In his opinion piece of December 13 titled ‘Women’s Rights’, Martin Scicluna goes to great pains to try and frame the argument in favour of abortion as a matter of woman’s reproductive rights, and going so far as portraying abortion as a human right, again resting his argument erroneously on an assertion made by the supposedly Council of Europe’s Commissioner for Human Rights Nils Muiznieks, who, plainly speaking, should know better.
To hide what abortion really is, pro-abortionists camouflage the act of killing an unborn child by using misleading phrases like “sexual and reproductive rights”.
Giovanni Bonello, former judge of the European Court of Human Rights, refuted this argument through his contribution in a post under the online version of the same article when he asserted: “Martin Scicluna seems to take on board, without challenging it, what Muiznieks is reported to have claimed, viz, that abortion is human right.”
Human rights in Europe are not what Muiznieks says they are, but what the European Convention of Human Rights and the European Court of Human Rights say they are. I invite Scicluna to quote exactly where either the convention or the court have declared abortion to be a human right.
What the court said is entirely different: where the national domestic legislation of a European state allows abortion, then it is a violation by that State to hinder the effective exercise of that right. Neither the convention nor the court have ever made abortion a human right.
Scicluna presents abortion as a matter for the conscience of the woman, and trivialises the argument by stating that abortion is a matter of opinion.
Since when is killing another person a matter of opinion or conscience? When society acted in such a manner there was only one phrase that described that civilisation: barbaric.
When a woman is pregnant, science and not some morality tells us that life in the womb of a woman is fully human and distinct from the moment of fertilisation. By the time most abortions can be performed, the baby already has a beating heart, identifiable brain waves etc. As a human being, like all of us, the unborn child (which is the first stage of development) has the unalienable right to life and deserves the full protection under the law.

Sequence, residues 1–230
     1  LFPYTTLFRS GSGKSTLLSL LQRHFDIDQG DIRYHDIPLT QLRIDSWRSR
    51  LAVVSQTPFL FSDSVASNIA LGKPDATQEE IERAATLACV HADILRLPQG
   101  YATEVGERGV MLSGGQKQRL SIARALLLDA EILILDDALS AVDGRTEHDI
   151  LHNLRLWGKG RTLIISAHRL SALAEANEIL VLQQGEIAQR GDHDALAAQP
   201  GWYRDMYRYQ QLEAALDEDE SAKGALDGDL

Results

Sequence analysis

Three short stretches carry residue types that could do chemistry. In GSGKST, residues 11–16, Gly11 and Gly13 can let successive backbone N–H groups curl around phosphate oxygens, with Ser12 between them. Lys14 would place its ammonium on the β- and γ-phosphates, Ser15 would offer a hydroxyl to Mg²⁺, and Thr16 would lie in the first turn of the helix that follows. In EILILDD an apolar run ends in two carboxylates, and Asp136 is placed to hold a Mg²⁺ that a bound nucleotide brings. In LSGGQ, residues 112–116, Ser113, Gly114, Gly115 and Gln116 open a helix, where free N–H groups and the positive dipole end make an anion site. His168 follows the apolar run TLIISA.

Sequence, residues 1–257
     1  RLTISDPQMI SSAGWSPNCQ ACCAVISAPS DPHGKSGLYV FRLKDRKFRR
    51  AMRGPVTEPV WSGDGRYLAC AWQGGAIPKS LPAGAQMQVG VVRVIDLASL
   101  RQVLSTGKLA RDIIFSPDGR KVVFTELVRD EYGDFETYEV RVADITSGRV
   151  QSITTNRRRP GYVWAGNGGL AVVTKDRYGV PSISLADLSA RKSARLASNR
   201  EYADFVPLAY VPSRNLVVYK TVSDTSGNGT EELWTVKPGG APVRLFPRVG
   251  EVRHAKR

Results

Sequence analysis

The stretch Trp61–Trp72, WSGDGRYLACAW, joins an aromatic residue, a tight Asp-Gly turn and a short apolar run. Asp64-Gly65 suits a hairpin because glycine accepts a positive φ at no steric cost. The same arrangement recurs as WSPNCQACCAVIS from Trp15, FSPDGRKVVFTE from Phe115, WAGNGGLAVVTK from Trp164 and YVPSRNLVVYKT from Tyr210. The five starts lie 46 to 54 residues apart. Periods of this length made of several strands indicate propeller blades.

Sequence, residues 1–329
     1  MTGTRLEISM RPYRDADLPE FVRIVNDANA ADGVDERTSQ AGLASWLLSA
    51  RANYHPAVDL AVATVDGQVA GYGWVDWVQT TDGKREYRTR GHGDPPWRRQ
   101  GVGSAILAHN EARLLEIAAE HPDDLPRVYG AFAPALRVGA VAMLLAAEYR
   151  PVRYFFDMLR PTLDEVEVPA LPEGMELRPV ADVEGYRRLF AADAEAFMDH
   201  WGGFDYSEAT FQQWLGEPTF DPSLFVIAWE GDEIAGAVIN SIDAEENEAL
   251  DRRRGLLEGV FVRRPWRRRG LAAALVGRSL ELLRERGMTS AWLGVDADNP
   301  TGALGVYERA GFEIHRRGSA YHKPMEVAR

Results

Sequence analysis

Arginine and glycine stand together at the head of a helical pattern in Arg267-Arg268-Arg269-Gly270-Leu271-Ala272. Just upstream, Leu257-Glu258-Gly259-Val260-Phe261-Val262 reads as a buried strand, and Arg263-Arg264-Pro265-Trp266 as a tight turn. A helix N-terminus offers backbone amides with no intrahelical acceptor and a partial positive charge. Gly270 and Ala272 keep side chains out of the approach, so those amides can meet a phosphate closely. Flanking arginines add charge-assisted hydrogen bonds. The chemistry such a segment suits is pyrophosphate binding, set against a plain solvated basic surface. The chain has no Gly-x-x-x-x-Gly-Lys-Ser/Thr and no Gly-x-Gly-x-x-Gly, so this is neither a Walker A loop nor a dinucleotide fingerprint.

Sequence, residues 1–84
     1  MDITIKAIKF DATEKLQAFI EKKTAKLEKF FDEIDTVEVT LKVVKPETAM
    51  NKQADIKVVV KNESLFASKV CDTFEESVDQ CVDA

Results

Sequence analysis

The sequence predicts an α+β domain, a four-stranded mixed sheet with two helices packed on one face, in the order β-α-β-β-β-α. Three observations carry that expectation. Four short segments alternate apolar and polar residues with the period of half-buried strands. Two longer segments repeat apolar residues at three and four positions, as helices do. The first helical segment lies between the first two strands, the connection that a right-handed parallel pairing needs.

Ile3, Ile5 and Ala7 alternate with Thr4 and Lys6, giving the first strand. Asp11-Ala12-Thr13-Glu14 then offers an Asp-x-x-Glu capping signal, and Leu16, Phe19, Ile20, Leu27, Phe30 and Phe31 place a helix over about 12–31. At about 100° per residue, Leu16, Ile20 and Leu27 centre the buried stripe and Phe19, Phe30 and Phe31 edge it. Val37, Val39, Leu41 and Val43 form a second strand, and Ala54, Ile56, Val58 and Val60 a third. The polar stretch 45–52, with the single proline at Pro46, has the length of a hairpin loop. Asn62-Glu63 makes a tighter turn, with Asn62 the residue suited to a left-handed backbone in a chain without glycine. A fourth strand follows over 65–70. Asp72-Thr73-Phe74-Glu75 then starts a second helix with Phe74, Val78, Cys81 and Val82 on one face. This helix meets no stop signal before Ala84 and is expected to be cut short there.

If killing has become a matter of conscience and opinion, then we can stop prosecuting the killers of Daphne Caruana Galizia because I am sure the killers will claim that in their opinion they did the right thing and it does not go against their conscience. Thank God that in our justice system these are not allowable arguments for acquittal.
The fact that many governments in the world have legalised the killing of the unborn does not make it any less wrong.
The ancient Romans (called civilisation) forced gladiators to fight to death, and threw slaves and Christians to the lions for entertainment. This was an allowable, lawful practice, promoted by the State but it was still wrong and barbaric.
Hitler exterminated Jews, ethnic Poles, other Slavic groups, Soviet citizens and prisoners of war, homosexuals, Jehovah’s Witnesses, black people, political opponents, the Roma and the “incurably sick”, to cleanse Germany and keep pure the Arian race.
He was then the law but what he did was still barbaric and something we still remind ourselves of every year by commemorating the victims of the Holocaust.
This year Iceland is boasting that it has eradicated Down syndrome not through some cure but through abortion, the killing of unborn children diagnosed as potentially with Down syndrome.
What makes Icelandic policymakers any different from the concept of eugenics practised by Nazi Germany to maintain the so-called purity of the Arian race. The fact that it is the government of Iceland is promoting this practice does not make Iceland any less barbaric then the Romans and Nazi Germany.
The world today is no less barbaric when millions, upon millions of unborn children are exterminated every year, in the name of reproductive rights. The National Right to Life Committee in the US reports that since 1973, following the Roe vs Wade decision, 59,115,995 human beings have been killed through abortion in the US alone, six times the number of people Hitler exterminated in gas chambers.
If Scicluna wants to make us believe that these were killed because the mothers were raped, the child endangered the life of the mother, were severely infirm and the other extremes used to create sympathy for the pro-abortion argument, then I ask Scicluna not to treat us as fools.
It is a fact that the world remains a barbaric globe. We have become cold-blooded to the horrific conditions of the Syrian innocent caught in an endless conflict trapped in political chess game, the hunger and deprivations of people in Africa and the drowning of migrants crossing the Mediterranean, the abandoned homeless in the streets of Europe, the US and in the so-cold advanced societies and the biggest plague the murder of millions of unborn children all over the world.
Humanity is barbaric, there is no other word, lost in its egoism, self-centeredness, where money, comfort and “rights” seem to be the only creed.
Contrary to Muiznieks’s opinion, Malta does not have restrictive regimes when it comes to abortion. Malta defends life, every human being, from a child’s inception to an individual’s natural death. Our country protects the life of Scicluna and the child that is yet unborn.
I wonder what Scicluna would say if people start to argue that when a person reaches the age of 80 the family members or the State should have the right to put such elderly life to death because as an elderly he is less human, he is less independent, and has become a financial burden. When we play with life these bizarre arguments become reality.
Tonio Fenech is a former Nationalist Party minister.